In 1997, Brown University’s library used a focus group to enhance previous research conducted through surveys (Shoaf, 2003). They formed a User Needs Team (LUNT) of eight professionals. The team used previous surveys from faculty and graduate students to develop the Moderator’s Guide and to choose recruits for the group. The goal was to better understand user satisfaction with the library’s materials and services. LUNT decided to use a professional moderator to conduct the group meetings and write the final report.

Group sizes were between five and twelve participants over a period of three weeks in a private room at the library. Refreshments were contracted through an on-campus source and a book store gift certificate was given to participants. The first two meetings were in the evening, and smaller than expected numbers showed. Subsequent meetings were moved to afternoons for improved participation. All meetings were tape recorded. The final report showed dissatisfaction with the library collection and the physical environment. This information was used in conjunction with other findings to advocate for and receive greater funding for acquisitions and building enhancements.

Brown’s study provides an excellent example of the use of focus groups. A committee of was formed to share the work load, and an experience moderator was hired. LUNT considered the role of the moderator crucial. A Moderator’s Guide was written and used. Participants were purposely chosen from previous surveys, and LUNT worked diligently to retain participants. Meetings were tape-recorded. The findings were used in conjunction with other data collection methods. Multiple meetings were held with the moderator to fully understand the report.

Carefully choosing data collection methods will enhance the validity of the data collected for any research project. Transaction logs provide ways to use data that is already collected in-house to strengthen library structure and programs. Focus groups can provide information explaining how patrons feel and what they think about various services in the library.


Boter, J. & Wedel, M. (2005). User categorization of public library collections. Library & Information Science Research, 27 (2), 190-202.

Chase, L. & Alvarez, J. (2000). Internet research: The role of the focus group. Library & Information Science Research, 22 (4), 357-369.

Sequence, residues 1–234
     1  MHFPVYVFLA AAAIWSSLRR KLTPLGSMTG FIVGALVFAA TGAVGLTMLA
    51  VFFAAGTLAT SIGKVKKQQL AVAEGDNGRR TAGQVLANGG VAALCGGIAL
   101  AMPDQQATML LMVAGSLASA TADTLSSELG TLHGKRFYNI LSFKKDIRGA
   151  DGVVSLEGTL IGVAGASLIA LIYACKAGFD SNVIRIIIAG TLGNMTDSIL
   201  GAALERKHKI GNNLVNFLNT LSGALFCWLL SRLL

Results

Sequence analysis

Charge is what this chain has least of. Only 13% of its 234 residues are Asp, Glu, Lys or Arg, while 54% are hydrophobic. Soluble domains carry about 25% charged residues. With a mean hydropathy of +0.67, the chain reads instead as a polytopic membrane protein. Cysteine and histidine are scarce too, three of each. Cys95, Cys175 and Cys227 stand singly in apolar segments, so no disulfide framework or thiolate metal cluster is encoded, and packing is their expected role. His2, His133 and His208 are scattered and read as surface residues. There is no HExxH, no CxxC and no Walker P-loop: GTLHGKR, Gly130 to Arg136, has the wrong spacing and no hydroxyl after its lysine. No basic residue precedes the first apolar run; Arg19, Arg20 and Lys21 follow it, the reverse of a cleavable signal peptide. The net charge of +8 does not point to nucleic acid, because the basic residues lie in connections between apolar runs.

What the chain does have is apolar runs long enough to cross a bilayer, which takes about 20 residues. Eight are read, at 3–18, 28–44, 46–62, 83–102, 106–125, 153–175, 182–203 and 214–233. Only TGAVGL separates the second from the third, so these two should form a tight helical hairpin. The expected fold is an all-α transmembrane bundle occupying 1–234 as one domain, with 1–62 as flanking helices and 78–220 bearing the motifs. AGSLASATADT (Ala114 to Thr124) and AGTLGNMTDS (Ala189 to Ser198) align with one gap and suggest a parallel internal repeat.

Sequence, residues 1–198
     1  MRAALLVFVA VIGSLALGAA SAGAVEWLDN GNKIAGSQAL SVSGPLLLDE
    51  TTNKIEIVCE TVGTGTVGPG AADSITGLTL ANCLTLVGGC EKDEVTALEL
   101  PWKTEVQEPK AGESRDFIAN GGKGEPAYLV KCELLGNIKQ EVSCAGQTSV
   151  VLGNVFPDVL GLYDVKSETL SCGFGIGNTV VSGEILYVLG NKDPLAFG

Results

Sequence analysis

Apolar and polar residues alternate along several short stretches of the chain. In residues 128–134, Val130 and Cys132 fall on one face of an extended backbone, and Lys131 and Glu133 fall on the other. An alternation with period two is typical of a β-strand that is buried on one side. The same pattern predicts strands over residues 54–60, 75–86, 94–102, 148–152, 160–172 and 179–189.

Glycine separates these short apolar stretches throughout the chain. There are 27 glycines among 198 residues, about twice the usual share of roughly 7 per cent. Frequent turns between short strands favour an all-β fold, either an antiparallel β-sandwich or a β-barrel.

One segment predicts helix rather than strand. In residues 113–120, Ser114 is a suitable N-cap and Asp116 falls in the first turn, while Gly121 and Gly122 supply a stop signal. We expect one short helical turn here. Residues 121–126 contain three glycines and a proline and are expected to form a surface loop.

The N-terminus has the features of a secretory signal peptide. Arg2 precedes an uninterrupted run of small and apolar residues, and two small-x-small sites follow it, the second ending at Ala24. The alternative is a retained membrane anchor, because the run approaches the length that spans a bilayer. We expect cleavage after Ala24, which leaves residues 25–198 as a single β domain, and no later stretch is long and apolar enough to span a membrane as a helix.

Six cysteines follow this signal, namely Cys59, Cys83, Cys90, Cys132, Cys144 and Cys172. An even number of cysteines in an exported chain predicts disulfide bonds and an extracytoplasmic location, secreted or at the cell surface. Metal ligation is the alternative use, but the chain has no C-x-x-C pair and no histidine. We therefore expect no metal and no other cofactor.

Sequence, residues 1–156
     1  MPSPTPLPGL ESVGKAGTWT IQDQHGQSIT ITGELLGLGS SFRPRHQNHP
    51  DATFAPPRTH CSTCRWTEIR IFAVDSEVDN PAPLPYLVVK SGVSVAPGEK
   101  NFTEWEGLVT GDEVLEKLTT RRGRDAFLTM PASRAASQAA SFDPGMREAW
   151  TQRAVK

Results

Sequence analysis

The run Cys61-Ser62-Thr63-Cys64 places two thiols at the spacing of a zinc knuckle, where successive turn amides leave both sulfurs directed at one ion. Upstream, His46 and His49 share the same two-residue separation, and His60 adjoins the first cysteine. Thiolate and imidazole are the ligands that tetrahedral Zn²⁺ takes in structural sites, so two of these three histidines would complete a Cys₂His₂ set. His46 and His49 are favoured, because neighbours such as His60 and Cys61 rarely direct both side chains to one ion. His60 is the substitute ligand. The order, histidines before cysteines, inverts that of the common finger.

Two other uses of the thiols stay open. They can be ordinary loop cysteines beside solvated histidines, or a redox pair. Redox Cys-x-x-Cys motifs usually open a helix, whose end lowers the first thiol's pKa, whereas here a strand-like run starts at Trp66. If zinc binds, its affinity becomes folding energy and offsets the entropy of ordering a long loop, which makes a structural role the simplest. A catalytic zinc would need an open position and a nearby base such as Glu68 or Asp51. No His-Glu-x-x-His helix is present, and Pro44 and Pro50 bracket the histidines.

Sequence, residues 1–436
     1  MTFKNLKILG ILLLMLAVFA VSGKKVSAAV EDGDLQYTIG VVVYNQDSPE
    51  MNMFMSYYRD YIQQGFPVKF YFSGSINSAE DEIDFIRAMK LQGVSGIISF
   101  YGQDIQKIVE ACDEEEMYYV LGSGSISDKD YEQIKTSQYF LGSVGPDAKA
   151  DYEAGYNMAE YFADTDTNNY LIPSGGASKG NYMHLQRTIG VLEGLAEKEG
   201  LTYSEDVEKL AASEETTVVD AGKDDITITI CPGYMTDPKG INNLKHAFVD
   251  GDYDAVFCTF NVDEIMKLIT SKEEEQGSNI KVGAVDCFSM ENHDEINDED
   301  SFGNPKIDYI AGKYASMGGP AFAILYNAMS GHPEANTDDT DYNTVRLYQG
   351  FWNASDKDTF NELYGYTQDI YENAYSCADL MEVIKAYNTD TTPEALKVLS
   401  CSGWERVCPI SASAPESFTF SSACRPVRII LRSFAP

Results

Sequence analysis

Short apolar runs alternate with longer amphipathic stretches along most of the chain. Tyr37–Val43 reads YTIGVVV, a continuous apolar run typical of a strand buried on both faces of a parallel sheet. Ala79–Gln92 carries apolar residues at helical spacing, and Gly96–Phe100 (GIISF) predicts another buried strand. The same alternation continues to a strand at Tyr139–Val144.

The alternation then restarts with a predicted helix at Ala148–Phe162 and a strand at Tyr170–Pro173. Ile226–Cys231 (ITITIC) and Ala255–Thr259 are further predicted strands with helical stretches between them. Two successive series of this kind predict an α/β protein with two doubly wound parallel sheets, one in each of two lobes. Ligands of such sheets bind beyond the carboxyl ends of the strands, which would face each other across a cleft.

Das, R. & Turkoglu, I. (2009). Creating meaningful data from web logs for improving the impressiveness of a website by using path analysis method. Expert Systems with Applications, 36 (3.2), 6635–6644.

Jansen, B. J. & Spink, A. (2006). How are we searching the World Wide Web? A comparison of nine search engine transaction logs. Information Processing and Management, 42, 248–263 .

Jansen, B. J. (2006). Search log analysis: What it is, what’s been done, how to do it.  Library & Information Science Research, 28, 407–432.

Kruger, R. A. & Casey, M. A. (2009). Focus groups: A practical guide for applied research. Thousand Oaks, California: Sage Publications.

Merton, R. K. (1987). The focused interview and focus groups: Continuities and discontinuities. The Public Opinion Quarterly, 51 (4), 550-566.

Morrison, H. (1997). Information literacy skills: An exploratory focus group study of student perceptions. Research Strategies, 15 (1), 4-17.

Nicholas, D., Huntington, P., Jamali, H. R.  & Tenopir, C. (2006). Finding information in (very large) digital libraries: A deep log approach to determining differences in use according to method of access. The Journal of Academic Librarianship, 32 (2), 119-126.

Shoaf, E. C. (2003). Using a professional moderator in library focus group research. Colleges & Research Libraries, 64 (2), 124-132.

Sullenger, P. (1997). A serials transaction log analysis. Serials Review, 23 (3), 21-26.

Wildemuth, B. M.  (2009). Applications of social research methods to questions in information and library science. Westport, CT: Libraries Unlimited.

Random thoughts from a busy week

Another busy week! They are growing annoying. I’m longing for a bit of relaxation that is not coupled with exhaustion.

We are finished with Saturday Academy, but now into Extended Learning. The school day is 1.5 hours longer on Mondays and Wednesdays. We have staff meetings on Tuesdays. I had a monthly meeting on Thursday that I had to skip out on to get to the allergist for a shot. Friday night we had a dance from 6-8. I signed up to work from 6-7, but that meant spending another afternoon at school. There was of course plenty to do!. The kids tested last week (benchmarks) and that information had to organized for new groupings.

Next week we still have extended learning and Tuesday night there is a parent meeting from 6 to 7. I’m on my second editing assignment which brings in a nice chunk of change, and I’m trying to finish up my current research paper.

I do have a research proposal left. If you have anything you’d like to know more about in Library Science, PLEASE comment and let me see if I can work it into a proposal.